Financial executives and financial regulators sometimes agree to ignore facts whose overt recognition would precipitate a crisis. They use accounting facades to do this. The financial firm may also be jeopardized by executive self-deception. Two forms of this are optimistic biases and failure to canvas market alternatives adequately. The top executive officer may also exhibit a pattern of ever-accelerating risk-taking, resulting in "turbo-deterioration" of the firm, or the firm may be so organized as to induce imprudent risk-taking at subordinate levels. Facades and self-deceptions pose important, unresolved issues of public policy and financial regulation.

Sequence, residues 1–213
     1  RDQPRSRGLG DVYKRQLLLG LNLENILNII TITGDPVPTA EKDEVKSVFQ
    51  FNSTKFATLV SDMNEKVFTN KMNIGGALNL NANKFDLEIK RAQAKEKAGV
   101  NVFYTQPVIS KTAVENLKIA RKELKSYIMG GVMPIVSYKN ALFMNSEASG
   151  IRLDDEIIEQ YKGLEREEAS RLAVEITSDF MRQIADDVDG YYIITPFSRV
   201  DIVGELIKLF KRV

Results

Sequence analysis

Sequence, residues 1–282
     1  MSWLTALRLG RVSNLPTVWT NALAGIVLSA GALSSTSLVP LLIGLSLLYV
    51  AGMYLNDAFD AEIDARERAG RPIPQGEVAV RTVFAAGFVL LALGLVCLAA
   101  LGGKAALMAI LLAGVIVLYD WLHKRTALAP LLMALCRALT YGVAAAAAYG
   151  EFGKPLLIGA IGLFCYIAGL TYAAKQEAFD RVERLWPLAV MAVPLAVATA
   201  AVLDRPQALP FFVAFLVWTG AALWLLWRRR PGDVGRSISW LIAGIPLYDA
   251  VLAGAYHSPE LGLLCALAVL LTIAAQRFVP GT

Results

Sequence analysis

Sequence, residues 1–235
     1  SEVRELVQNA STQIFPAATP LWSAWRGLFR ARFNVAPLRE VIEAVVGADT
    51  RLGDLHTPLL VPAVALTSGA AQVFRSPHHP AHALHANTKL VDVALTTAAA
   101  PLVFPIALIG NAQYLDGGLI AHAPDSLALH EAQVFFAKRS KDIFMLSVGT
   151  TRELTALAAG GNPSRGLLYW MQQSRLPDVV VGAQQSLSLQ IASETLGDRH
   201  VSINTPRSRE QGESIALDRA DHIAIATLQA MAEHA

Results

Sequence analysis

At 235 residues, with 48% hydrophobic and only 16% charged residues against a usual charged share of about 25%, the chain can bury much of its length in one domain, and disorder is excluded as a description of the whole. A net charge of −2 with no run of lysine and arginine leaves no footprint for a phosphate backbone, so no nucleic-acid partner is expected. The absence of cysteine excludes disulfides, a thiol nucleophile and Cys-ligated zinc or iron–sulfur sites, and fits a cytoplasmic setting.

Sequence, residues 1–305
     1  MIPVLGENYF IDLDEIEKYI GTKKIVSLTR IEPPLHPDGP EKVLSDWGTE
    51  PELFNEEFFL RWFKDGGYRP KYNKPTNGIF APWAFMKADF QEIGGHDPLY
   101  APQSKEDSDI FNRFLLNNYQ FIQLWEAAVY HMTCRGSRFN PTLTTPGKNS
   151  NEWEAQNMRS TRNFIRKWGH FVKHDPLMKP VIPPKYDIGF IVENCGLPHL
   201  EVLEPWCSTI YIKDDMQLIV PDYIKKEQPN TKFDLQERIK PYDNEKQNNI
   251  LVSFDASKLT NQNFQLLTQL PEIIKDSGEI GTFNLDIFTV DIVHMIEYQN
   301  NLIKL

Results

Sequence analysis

- © 1987, The Regents of the University of California